Today we imagine a Cossack as a highly skilled horseman, serving as light cavalry for the Tsars and creating terror for any enemy infantry they might face. However in the 16th century most were actually infantry, and while many would ride to the battle, they would normally dismount to fight. Thus Cossack infantry was the norm for the first two centuries or so of their existence, yet their ferocity earned them a reputation as excellent fighters, and many served as mercenaries alongside regular troops from their various neighbours, particularly the Poland/Lithuania Commonwealth and Muscovy. In the 16th century these two states fought each other on numerous occasions, and other theatres of war also kept the Cossacks busy, but one of their most famous exploits was the expedition, from 1581, to conquer the Siberian khanate under Yermak Timofeyich in the name of Muscovy.
This third set in the trilogy of 16th century Cossacks from RedBox concentrates on the arquebus. Although the origins of the Cossacks were Tartar, and so naturally they made wide use of the bow, they adopted the new arquebus much quicker than their Tartar neighbours, giving them a significant advantage in battle. It is therefore appropriate that a whole set is devoted to this weapon, and here we find an impressive 12 poses using it. As a result, just about every activity is covered here, from all the actions of using the weapon to resting or marching, plus a couple who have drawn their swords. It would be hard to think of anything not included, and all the poses are really good. At least one man is using the ramrod, which is always a very difficult pose to do, and this one is not ideal, but still perfectly reasonable. If there was one that failed to delight then it is the last man, who holds his sword sideways and resting against the back of his cap. This is hardly a position from which to deliver a blow, so while it is a common problem in figure sets this one man is flat and unconvincing.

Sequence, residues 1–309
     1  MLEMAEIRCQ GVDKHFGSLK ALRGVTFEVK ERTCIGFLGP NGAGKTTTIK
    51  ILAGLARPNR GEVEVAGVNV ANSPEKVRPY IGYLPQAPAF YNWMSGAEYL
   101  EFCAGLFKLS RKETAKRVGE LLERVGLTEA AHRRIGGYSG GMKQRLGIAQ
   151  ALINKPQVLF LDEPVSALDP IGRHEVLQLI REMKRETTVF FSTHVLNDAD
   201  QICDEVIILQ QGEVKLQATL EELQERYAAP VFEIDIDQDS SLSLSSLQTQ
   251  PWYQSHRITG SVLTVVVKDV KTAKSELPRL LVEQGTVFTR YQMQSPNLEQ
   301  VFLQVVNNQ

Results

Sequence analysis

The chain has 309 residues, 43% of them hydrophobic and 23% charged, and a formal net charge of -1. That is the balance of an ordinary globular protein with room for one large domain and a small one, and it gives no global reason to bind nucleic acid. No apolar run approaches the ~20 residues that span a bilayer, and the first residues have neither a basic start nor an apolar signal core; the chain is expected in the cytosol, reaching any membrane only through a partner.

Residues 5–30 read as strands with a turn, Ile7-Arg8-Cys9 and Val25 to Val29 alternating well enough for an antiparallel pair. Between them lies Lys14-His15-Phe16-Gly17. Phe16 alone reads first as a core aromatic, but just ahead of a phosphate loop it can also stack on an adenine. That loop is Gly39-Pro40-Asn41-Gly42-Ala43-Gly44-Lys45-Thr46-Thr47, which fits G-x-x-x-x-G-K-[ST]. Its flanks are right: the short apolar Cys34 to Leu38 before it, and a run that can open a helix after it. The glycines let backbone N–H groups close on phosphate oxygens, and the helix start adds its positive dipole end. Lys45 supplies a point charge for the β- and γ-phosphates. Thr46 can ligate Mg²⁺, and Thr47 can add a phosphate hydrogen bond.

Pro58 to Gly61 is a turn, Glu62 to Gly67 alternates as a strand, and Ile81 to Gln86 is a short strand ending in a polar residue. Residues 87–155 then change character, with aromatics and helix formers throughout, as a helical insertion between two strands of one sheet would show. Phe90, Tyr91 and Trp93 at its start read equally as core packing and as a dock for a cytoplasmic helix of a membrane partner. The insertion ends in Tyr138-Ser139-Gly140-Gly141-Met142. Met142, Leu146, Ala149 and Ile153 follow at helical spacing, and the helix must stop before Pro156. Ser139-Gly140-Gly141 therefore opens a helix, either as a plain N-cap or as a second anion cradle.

As with the rest of this series, and the other sets currently being made by RedBox, the sculpting here is extremely good. Smaller items like the various bits of kit these men carry are very nicely produced, and the faces with their long moustaches are first-rate. The guns too are well done, although a couple seem to be missing any detail on the reverse side, so for example triggers that are nicely done on the front side are featureless on the back. That aside the quality is very pleasing, and although there is a bit of flash to be found, this is not particularly destructive of the look of these figures.
The men all wear traditional Cossack costume, and in particular the caps with the split fur trim. Their equipment is all present and correct, including powder horn, priming flask, ball bag and other bag for tools etc., and some have bandoliers with prepared cartridges, so the standard of kit is perfect.
We have always liked the concept of delivering different types of figures in different sets so customers need only buy them in the proportions they require, which also allows for a generous 12 poses for just this one type of Cossack soldier. We have also always liked well-sculpted figures that are accurate and in believable and appropriate poses, and this set fits that description too. The slight niggles we had over one pose and the small amount of flash don’t really detract from a generally superb set, and if you knew nothing about the early history of the Cossacks then this and the other sets in this mini-series are an excellent introduction to a fascinating and generally little-known element of East European history.